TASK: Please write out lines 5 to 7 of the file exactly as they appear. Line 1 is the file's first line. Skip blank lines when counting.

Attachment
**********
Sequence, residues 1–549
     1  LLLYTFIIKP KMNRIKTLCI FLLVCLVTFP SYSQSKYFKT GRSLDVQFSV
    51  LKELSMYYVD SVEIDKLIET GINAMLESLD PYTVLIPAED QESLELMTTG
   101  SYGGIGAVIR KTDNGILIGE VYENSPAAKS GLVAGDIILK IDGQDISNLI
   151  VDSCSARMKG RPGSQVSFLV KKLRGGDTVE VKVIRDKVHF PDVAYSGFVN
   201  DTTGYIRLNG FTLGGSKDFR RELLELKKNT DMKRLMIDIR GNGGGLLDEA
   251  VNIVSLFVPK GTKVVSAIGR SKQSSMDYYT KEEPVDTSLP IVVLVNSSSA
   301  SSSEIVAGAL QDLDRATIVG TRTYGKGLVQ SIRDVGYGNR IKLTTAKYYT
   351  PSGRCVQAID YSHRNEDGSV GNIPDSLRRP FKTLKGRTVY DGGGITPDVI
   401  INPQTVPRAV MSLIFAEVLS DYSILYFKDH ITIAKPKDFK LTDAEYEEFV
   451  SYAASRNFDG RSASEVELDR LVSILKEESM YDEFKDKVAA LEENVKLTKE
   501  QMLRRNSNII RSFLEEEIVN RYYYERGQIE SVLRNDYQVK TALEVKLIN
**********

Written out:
   151  VDSCSARMKG RPGSQVSFLV KKLRGGDTVE VKVIRDKVHF PDVAYSGFVN
   201  DTTGYIRLNG FTLGGSKDFR RELLELKKNT DMKRLMIDIR GNGGGLLDEA
   251  VNIVSLFVPK GTKVVSAIGR SKQSSMDYYT KEEPVDTSLP IVVLVNSSSA